• auxin;
  • hemoglobin;
  • nitric oxide;
  • somatic embryogenesis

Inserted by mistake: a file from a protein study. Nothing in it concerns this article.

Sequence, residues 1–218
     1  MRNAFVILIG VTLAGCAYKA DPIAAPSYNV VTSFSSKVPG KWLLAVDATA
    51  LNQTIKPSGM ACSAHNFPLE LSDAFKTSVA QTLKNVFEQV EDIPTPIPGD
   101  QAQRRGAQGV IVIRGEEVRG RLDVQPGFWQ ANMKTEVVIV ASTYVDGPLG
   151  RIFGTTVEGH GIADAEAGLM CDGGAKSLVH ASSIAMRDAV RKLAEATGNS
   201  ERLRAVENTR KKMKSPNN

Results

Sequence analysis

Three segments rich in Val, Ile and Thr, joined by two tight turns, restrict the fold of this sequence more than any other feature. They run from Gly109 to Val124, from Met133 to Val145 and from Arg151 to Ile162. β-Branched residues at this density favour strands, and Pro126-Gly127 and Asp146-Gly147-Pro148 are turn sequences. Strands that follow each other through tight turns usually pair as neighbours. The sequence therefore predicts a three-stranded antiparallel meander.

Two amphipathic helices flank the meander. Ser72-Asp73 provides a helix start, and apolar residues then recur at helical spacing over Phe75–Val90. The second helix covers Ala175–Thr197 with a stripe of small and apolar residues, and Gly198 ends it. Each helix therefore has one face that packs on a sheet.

Suppression of Arabidopsis GLB2, a type–2 nonsymbiotic hemoglobin, enhances somatic embryogenesis by increasing auxin production. In the glb2 knock-out line (GLB2/), polarization of PIN1 proteins and auxin maxima occurred at the base of the cotyledons of the zygotic explants, which are the sites of embryogenic tissue formation. These changes were also accompanied by a transcriptional upregulation of WUSCHEL (WUS) and SOMATIC EMBRYOGENESIS RECEPTOR KINASE (SERK1), which are markers of embryogenic competence. The increased auxin levels in the GLB2/ line were ascribed to the induction of several key enzymes of the tryptophan and IAA biosynthetic pathways, including ANTHRANILATE SYNTHASE (α subunit; ASA1), CYTOCHROME P79B2 (CYP79B2) and AMIDASE1 (AMI1). The effects of GLB2 suppression on somatic embryogenesis and IAA synthesis are mediated by increasing levels of nitric oxide (NO) within the embryogenic cells, which repress the expression of the transcription factor MYC2, a well-characterized repressor of the auxin biosynthetic pathway. A model is proposed in which the suppression of GLB2 reduces the degree of NO scavenging by oxyhemoglobin, thereby increasing the cellular NO concentration. The increased levels of NO repress the expression of MYC2, relieving the inhibition of IAA synthesis and increasing cellular IAA, which is the inductive signal promoting embryogenic competence. Besides providing a model for the induction phase of embryogenesis in vitro, these studies propose previously undescribed functions for plant hemoglobins.